Customer and User Perception of Value and What it Means to Designers

| 8 min read

Often we talk about value and we mean “financial value” a concept that can be measured in dollars and cents or pounds and pennies or whatever currency is near to hand. However, financial value is not the only motivating factor for users and consumers to invest in a product. In fact, it is the perception of value both financial and non-financial that drives the decision to adopt (or not) a product.

Needs, Wants, Demands

It’s often said that it’s important to give a user what they need through product design and not to examine wants at all. It is true that if a product fails to meet a user’s needs – they are unlikely to find it useful and thus, unlikely to adopt it.

However, it is not true to say that a user will not prioritize their wants over their needs. Think about cars; both a Skoda and a Ferrari do a similar job for their users. They meet the need of being able to get from A to B quickly and efficiently. The Ferrari may be faster but in terms of meeting needs; this should be irrelevant both vehicles have top speeds which, except in very specific circumstances, exceed national speed limits.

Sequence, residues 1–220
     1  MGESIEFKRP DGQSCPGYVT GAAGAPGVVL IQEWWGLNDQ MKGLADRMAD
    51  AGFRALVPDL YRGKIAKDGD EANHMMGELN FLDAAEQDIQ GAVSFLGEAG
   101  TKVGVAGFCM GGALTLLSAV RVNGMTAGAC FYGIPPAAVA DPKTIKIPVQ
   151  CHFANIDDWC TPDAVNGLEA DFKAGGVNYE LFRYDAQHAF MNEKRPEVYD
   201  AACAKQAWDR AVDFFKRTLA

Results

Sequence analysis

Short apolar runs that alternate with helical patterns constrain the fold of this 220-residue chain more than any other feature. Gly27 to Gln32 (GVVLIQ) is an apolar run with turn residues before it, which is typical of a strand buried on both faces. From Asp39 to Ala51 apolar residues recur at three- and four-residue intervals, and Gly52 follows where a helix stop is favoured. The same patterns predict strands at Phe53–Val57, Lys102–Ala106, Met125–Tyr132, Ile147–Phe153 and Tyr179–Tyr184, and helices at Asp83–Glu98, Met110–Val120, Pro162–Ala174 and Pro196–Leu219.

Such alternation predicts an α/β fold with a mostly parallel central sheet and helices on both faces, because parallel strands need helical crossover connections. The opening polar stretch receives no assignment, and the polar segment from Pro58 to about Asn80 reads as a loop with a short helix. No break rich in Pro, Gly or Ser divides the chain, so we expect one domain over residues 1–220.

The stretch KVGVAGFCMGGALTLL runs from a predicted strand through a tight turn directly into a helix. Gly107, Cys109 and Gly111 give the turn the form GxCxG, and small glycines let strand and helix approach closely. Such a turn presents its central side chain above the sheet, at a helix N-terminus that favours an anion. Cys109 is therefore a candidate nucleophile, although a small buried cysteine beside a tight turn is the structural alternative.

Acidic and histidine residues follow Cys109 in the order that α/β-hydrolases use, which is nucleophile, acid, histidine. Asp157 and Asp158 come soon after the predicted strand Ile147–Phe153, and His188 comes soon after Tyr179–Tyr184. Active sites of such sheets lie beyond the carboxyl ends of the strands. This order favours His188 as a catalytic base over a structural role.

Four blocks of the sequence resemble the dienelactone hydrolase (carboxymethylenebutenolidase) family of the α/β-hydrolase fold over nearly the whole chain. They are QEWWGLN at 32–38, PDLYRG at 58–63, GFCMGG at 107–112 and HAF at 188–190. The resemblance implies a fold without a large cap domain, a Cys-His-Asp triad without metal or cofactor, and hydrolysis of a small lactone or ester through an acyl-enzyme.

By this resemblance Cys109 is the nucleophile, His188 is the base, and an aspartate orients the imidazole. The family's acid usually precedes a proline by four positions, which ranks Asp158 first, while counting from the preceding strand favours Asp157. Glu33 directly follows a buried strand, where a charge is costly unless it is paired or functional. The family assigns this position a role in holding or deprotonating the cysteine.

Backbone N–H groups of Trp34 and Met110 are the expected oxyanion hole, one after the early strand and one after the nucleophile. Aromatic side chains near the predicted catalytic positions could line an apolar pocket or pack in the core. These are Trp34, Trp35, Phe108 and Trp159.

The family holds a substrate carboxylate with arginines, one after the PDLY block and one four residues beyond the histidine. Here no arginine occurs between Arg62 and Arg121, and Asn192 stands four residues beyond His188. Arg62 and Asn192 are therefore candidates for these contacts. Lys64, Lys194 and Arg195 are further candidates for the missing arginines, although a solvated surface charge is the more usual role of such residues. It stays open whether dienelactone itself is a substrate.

Yet, there’s no doubt that there’s a market for the much more expensive Ferrari. If users only bought products based on need – the market for Ferrari should not exist.

In fact many products that are sold in today’s market meet a mix of user/customer needs and their wants too.

Wants and needs become “demands” when they are supported with the financial means to buy.

This is important because catering to wants and needs without such support is likely to lead to business failure; if there is no demand for a product it will not be adopted by the market.

Demands are executed based on the customer or user’s perception of value.

Author/Copyright holder: Duncan Hull. Copyright terms and licence: CC BY 2.0

Perception of Value

It is important to note that perception of value is not constant and may vary, significantly, from one user to another. For example, in the last section the author compared the value in a Skoda to the value in a Ferrari. Neither of these two cars would have any value to the author, who cannot drive. Yet, many other people draw a distinct value from driving a car.

In Peter Doyle’s “Value Based Marketing” published by Wiley in 2000 he offers four concepts of value which add up to the perception of overall value:

  1. Functional Value – what does the product do? What problem does it solve for the user or customer?
  2. Financial Value – is the product provided at a reasonable price point? It is worth noting that “reasonable” is very difficult to define as it involves the user or customer making multiple trade-offs between the costs of other things they want or need, the value of competing items and their ability to pay.
  3. Social Value – how does the product enable the user to connect with others? How does it improve the status of the user in other people’s eyes?
  4. Psychological Value – how does the product enable the user to feel about themselves? Does it bring them pride, pleasure, happiness, etc.? (Some psychological values both good and bad are shown in the image below).